Cognitive Assessment

Why Do Assessment Reports Exist at All?

Think of the time and effort we could save if we simply did our assessments, gathered the relevant parties, and then had an engaging conversation about our findings. Why not let an automated transcript of the conversation serve as the permanent record of the assessment? Abandon all hope, ye who enter here. Even if the practice were feasible, it fundamentally misunderstands the nature of an assessment report.

What a hammer does for the fist, what pliers do for the grip, what a telescope does for the eye, writing does for the mind. Unaided, the mind can contemplate solutions to complex problems, but attention wanders and memories fade. Writing not only preserves our thoughts but also sharpens our thinking. By sequencing sound on durable paper, we can contemplate the products of our own minds from a higher vantage— and with a steady gaze. Our words, now external objects, can be revised, reshaped, refined, reorganized, and most important, revisited. As Susan Sontag (2000) observed, “what I write is smarter than I am. Because I can rewrite it.”

Think of writing not as a way to transmit a message but as a way to grow and cook a message. Writing is a way to end up thinking something you couldn’t have started out thinking. —Peter Elbow (1998, p. 15)

Excerpt from p. 30 of Schneider, W. J., Lichtenberger, E. O, Mather, N., & Kaufman, N. L. (2018). Essentials of Assessment Report Writing (2nd ed). Hoboken, NJ: Wiley.

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3 thoughts on “Why Do Assessment Reports Exist at All?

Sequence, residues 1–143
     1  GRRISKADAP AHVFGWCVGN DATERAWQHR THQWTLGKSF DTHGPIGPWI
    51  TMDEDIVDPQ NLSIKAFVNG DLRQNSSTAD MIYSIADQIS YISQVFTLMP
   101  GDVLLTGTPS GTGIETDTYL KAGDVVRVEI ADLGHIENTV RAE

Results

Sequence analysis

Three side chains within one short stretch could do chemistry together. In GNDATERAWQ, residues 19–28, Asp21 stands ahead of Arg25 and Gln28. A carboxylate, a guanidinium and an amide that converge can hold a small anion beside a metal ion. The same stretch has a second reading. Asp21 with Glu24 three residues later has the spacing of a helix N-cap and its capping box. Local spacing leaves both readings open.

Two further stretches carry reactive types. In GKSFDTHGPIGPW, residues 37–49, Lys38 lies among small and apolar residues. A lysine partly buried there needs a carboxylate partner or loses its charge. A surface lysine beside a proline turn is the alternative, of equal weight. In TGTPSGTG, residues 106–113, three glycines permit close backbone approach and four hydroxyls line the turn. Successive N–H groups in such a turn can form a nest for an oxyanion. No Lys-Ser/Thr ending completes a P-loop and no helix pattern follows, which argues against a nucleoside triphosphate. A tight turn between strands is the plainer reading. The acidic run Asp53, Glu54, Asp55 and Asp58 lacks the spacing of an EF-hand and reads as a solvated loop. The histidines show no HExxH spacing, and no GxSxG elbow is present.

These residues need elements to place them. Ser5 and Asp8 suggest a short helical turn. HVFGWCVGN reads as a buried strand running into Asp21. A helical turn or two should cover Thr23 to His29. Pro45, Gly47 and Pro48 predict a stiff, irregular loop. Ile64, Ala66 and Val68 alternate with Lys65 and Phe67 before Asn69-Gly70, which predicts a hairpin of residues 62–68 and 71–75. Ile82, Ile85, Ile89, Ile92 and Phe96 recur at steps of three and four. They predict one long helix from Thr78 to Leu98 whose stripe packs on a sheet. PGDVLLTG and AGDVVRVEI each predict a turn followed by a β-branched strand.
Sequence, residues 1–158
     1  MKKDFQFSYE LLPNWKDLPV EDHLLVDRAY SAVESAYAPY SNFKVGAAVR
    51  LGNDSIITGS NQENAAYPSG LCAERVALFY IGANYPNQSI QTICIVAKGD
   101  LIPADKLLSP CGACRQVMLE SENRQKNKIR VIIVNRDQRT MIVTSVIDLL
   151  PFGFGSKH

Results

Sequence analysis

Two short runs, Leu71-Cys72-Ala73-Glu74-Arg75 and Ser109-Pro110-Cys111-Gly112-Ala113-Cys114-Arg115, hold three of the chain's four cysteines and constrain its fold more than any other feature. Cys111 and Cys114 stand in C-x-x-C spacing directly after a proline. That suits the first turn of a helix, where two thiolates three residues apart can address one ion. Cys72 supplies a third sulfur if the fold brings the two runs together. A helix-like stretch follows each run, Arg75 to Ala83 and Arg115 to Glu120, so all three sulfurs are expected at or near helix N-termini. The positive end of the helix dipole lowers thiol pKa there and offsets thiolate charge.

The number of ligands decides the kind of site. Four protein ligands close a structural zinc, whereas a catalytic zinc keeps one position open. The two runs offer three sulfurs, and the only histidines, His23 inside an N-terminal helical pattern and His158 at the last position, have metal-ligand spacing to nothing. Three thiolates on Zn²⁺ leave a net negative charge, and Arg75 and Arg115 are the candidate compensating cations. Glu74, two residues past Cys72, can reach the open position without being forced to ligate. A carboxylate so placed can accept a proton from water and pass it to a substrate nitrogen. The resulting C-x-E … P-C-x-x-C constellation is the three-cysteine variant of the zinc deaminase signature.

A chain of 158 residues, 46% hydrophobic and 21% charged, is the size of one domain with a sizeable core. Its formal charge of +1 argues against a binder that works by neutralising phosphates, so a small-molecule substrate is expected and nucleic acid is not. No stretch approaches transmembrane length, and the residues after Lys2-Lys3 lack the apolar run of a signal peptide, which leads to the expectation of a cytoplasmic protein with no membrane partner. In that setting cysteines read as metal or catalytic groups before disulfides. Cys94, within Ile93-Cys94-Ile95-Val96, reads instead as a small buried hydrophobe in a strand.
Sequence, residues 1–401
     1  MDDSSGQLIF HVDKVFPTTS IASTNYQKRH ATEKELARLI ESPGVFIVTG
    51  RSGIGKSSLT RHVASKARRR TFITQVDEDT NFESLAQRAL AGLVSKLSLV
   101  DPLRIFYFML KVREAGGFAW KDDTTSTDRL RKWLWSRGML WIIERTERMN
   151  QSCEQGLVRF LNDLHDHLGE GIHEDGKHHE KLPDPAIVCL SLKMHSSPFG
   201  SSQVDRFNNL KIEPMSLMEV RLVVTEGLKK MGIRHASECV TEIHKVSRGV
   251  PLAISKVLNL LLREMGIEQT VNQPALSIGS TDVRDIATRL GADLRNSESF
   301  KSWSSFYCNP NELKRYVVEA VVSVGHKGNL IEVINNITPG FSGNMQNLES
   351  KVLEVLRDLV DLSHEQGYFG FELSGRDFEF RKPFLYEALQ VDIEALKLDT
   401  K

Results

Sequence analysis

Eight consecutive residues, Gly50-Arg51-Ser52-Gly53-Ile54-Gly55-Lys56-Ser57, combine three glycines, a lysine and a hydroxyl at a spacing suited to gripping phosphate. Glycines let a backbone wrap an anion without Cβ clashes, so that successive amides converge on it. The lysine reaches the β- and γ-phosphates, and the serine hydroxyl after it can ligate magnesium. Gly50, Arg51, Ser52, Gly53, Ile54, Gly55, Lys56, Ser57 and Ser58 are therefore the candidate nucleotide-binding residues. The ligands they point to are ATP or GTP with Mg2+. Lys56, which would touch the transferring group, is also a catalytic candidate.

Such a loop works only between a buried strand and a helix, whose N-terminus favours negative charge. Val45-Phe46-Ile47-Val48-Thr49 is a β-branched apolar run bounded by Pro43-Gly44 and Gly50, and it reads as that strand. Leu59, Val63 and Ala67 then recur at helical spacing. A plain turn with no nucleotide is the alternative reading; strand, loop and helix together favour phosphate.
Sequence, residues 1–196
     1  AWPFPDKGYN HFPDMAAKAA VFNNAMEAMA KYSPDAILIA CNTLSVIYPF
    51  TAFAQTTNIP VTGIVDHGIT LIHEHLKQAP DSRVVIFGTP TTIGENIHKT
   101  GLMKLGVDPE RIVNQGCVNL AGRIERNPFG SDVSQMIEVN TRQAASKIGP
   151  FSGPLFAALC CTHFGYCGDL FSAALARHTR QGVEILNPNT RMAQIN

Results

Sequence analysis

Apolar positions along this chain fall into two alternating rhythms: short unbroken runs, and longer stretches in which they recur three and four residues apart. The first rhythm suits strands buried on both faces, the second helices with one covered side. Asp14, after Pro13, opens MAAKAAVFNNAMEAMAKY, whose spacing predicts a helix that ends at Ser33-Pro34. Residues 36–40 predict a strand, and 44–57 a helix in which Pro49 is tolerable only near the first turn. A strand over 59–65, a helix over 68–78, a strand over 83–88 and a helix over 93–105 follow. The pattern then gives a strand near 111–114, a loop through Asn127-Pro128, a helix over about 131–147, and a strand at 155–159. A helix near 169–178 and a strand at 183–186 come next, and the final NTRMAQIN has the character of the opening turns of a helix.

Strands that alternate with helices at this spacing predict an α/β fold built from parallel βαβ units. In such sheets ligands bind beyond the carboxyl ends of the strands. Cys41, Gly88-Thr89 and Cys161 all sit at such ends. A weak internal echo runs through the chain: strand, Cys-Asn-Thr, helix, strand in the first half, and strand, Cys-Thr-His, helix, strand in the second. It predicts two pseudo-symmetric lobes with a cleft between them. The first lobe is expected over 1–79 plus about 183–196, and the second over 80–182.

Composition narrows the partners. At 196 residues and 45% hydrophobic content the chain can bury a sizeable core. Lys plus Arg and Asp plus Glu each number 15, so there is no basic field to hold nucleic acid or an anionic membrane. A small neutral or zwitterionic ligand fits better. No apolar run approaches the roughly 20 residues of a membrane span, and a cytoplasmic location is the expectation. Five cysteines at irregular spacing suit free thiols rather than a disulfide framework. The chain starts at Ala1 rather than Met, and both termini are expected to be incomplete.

1. I agree, but do you think we need to share so much of our thinking? Lately I’ve spent the majority of my time crafting a succinct ‘in a nutshell’ paragraph (or two) to try to sum up my theory of the case and recommendations. It’s a labor but I think that once I’ve cracked it (sorry/not sorry for over working the metaphor) I feel like the rest of the report is really superfluous. Aside from reporting the scores and perhaps more detail to the recommended next steps. I feel done. Yet convention dictates we spell out detail of background, score analysis etc. What could we as a profession gain by just reporting the nutshell? What could our clients and schools gain by getting a quick sharp understanding that allows them to get started on the real work? And why do I feel so insecure about just making that leap?

    • Rodrigo Enciso says:

      Because you would be going against the grain, that’s why. I feel the same way and I just took that leap this year. Feels soooo good. I recomend it.

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